Atlantic Division on the line in Death Valley

Posted by ESPN.com’s Heather Dinich

CLEMSON, S.C. -- The tailgating is in full swing here in Death Valley, and it’s a beautiful evening for it -- finally. It has rained at some point during each of the first five Clemson home games this year. If the game lives up to the pregame excitement and buzz, it should be a great one. The Atlantic Division standings are on the line, and it’s Clemson’s division to lose. FSU has some momentum, though, and can still sneak in. The Noles will move into second place with a win.

Here are three keys to this game:

1. Pressure on Ponder. This is the biggest key. Florida State quarterback Christian Ponder has been one of the top performers in the country in recent weeks, but only he knows how much pain he’s truly in from the bruised ribs he suffered in last week’s win over NC State. Clemson’s defensive line is one of its deepest units and biggest strengths. Their backup defensive ends are good enough to start for some other ACC teams. Guys like Kevin Alexander, Malliciah Goodman and Andre Branch are still going to bring the heat. Clemson leads the ACC in sacks.

2. Turnovers and penalties. These could be the X factor. Clemson is the least penalized team in the ACC. Florida State is the worst. All Florida State needs in this kind of game is a little bit of help from a fumble or an interception. Clemson quarterback Kyle Parker has shown marked improvement over the past couple of weeks, but he’s also got eight interceptions and 10 touchdowns this year. FSU has a plus-four turnover margin, but Clemson is one of the best teams in the country when it comes to interceptions with 15.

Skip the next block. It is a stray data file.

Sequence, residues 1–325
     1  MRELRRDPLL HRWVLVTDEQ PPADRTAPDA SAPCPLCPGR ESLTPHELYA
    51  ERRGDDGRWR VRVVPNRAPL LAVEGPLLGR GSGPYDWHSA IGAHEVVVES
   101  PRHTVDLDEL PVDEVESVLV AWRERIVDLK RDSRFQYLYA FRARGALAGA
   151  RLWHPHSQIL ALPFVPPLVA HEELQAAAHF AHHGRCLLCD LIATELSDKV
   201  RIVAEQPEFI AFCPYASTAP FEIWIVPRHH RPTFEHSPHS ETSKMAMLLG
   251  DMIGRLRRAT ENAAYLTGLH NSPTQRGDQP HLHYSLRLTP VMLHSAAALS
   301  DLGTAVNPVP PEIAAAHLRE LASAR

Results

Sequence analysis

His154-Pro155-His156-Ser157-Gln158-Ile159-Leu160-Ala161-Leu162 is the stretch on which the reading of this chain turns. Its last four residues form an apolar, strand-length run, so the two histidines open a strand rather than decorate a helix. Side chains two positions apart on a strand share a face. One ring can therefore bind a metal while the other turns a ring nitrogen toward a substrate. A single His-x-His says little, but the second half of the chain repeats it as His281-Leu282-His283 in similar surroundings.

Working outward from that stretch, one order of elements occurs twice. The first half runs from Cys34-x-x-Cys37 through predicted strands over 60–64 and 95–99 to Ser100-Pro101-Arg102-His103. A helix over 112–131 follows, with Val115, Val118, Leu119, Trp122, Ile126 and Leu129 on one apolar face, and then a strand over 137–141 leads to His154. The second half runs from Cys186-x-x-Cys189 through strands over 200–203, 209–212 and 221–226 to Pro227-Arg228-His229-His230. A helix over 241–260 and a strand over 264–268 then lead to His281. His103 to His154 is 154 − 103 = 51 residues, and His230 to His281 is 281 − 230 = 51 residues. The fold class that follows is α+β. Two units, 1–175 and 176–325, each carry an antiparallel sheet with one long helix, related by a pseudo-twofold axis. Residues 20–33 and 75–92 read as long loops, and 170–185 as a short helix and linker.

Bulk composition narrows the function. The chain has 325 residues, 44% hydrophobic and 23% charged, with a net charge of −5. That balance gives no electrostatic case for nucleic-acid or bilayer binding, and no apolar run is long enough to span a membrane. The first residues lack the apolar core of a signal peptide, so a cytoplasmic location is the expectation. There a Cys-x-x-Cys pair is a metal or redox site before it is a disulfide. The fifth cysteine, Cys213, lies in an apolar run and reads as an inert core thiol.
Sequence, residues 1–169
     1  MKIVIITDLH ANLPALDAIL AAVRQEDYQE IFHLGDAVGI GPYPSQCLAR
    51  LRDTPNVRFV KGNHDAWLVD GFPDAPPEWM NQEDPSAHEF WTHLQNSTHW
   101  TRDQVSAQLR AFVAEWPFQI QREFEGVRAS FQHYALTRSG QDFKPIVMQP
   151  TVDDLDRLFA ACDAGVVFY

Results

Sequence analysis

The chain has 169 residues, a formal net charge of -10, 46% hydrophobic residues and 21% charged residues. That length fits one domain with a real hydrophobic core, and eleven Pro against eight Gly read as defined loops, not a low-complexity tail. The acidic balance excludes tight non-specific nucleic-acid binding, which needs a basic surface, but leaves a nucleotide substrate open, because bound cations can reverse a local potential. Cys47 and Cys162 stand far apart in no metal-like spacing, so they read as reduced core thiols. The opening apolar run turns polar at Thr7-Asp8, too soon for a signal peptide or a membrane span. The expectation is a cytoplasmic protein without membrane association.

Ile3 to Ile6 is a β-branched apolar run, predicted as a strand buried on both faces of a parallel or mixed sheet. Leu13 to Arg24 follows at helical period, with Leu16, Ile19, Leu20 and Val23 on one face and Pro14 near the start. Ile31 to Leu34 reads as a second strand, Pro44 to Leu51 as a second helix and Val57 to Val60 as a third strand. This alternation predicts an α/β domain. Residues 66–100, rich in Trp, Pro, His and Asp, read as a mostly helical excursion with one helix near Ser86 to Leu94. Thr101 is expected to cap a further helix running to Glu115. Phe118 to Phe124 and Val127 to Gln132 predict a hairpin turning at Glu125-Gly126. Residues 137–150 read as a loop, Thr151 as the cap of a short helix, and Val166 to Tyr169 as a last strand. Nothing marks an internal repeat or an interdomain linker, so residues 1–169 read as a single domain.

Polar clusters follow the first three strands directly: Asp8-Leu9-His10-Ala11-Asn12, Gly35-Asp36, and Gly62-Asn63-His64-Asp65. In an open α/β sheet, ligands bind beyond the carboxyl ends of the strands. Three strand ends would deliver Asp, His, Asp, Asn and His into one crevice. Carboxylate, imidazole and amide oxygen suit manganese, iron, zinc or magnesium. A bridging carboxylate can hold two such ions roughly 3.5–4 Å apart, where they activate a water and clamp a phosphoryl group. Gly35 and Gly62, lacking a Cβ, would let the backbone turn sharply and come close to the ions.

3. Will FSU’s defense show up? It was an emotional week with the announcement of Mickey Andrews’ retirement, so you’d think the Seminoles would be driven to play for him in one of their most critical games of the season. You don’t morph from one of the country’s worst defenses, though, into one of the best in a matter of four quarters. What the Noles need to do is stay fundamentally sound, make their tackles, stay away from penalties, and limit the big plays from Jacoby Ford and C.J. Spiller.